December 18, 2017

What’s Your Warm Up Routine?

DSC03809            Just the other day I asked a student to do the “usual” warm up. Now I didn’t think this to be a difficult task since I had instructed her through this same warm-up at the beginning of every lesson for nearly a year. However, since I had always told her what to do, she never understood that she was doing a warm up. This was my mistake. Therefore; a long conversation ensued about what the purpose of a warm up is, how it helped both the horse and rider and what you should do to ensure that everyone was ready for the task at hand. But it got me thinking. How many riders know how to do a good warm up? Do they even do one at all? Based on what I see in the “warm up” pen at shows, one could wonder.

            A good warm up will help prepare both the horse and rider for the work ahead. How much you include in your warm up will depend on your riding level and your horses training level. If you are a beginner, some simple stretches on the ground or in the saddle will suffice for the rider. Often just riding at a walk and trot is exercise enough for those who only ride once a week. I usually have my riders spend some time in “balance position” or “two-point position” during each ride. These positions help stretch muscles, increase strength and improve balance.

          My beginner school horses actually seldom get a complete warm up, since their riders aren’t capable of more than walk and a bit of trot. I believe everyone should do at least one circle at each gait and each direction. Frequent changes of direction will work both sides of horses and riders while keeping the lesson more interesting. Therefore; my level 2 riders (walk/trot beginning canter) warm up routine is- Ride one complete circuit of the arena at a walk each direction. One small, walking circle each direction. Ride one complete circuit of the arena at a sitting trot/jog each direction with a small circle. Finally, they will also do the same at posting trot. Once that is completed, the group will be brought together for the lesson to begin.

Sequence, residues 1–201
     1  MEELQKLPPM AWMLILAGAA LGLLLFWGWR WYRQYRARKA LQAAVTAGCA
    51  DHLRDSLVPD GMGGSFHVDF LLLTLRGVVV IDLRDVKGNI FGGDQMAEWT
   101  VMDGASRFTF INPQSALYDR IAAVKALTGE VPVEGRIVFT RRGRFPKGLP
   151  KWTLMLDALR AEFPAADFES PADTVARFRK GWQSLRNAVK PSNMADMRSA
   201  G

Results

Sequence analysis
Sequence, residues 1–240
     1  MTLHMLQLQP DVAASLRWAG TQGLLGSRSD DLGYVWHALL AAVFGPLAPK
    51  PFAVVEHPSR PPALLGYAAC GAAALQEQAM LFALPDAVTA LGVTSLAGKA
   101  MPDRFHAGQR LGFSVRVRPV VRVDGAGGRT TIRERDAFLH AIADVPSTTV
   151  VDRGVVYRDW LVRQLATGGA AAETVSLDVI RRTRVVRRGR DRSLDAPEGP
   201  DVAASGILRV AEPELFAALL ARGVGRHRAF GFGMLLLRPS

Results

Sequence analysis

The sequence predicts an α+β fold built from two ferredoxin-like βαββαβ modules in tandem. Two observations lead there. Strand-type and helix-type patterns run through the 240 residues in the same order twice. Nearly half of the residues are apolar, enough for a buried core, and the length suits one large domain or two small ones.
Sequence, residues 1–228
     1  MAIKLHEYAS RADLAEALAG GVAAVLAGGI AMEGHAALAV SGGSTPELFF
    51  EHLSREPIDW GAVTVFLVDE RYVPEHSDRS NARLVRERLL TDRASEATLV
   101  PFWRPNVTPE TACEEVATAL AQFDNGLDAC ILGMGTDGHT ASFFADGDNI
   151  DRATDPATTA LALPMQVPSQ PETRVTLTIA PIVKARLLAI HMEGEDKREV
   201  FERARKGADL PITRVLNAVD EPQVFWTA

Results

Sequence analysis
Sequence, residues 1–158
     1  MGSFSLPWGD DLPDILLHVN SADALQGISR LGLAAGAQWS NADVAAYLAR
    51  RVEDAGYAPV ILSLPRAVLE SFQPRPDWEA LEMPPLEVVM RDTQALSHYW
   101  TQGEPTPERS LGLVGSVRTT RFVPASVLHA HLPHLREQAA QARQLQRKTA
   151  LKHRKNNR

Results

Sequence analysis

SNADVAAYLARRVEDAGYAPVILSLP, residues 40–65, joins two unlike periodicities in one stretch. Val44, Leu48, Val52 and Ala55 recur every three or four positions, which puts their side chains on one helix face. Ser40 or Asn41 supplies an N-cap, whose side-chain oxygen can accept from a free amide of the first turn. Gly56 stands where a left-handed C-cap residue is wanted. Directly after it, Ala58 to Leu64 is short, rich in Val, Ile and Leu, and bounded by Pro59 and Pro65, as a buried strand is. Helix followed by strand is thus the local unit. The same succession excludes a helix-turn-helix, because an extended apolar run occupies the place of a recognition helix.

If you and your horse are more advanced (Level 3 and up), some canter and/or lope will be in order. At least 2 times around the arena with a circle in each direction should be included. I always start in a faster canter before asking my horses to slow down, collect and lope. Reverses usually involve dropping out of the canter for the change of direction. Once the horse has worked on both leads, flying lead changes can be put in the warm up if the horse and rider are proficient in them. For advanced horses and riders, bending, leg yields, haunches in/out and shoulder in/out may also be part of the warm up routine.

            Whatever your routine is, be sure it uses your horses strengths to the best advantage. Only do what your horse can do well during the warm up. Wait until everyone is completely ready for new tasks before undertaking them. This is not the time to learn or practice a new skill. Save the weaker areas of your horses training for the actual work portion of the ride. If you are still struggling with a simple lead change, don’t include it in the warm up. Bring the horse back to a walk or trot, complete the reverse, then pick up the new lead after the direction has been changed.

            After you have completed your work for the day, be sure you cool your horse out before you put him away! How do you know if your horse is cooled out and ready to quit for the day? That is a conversation for another day…

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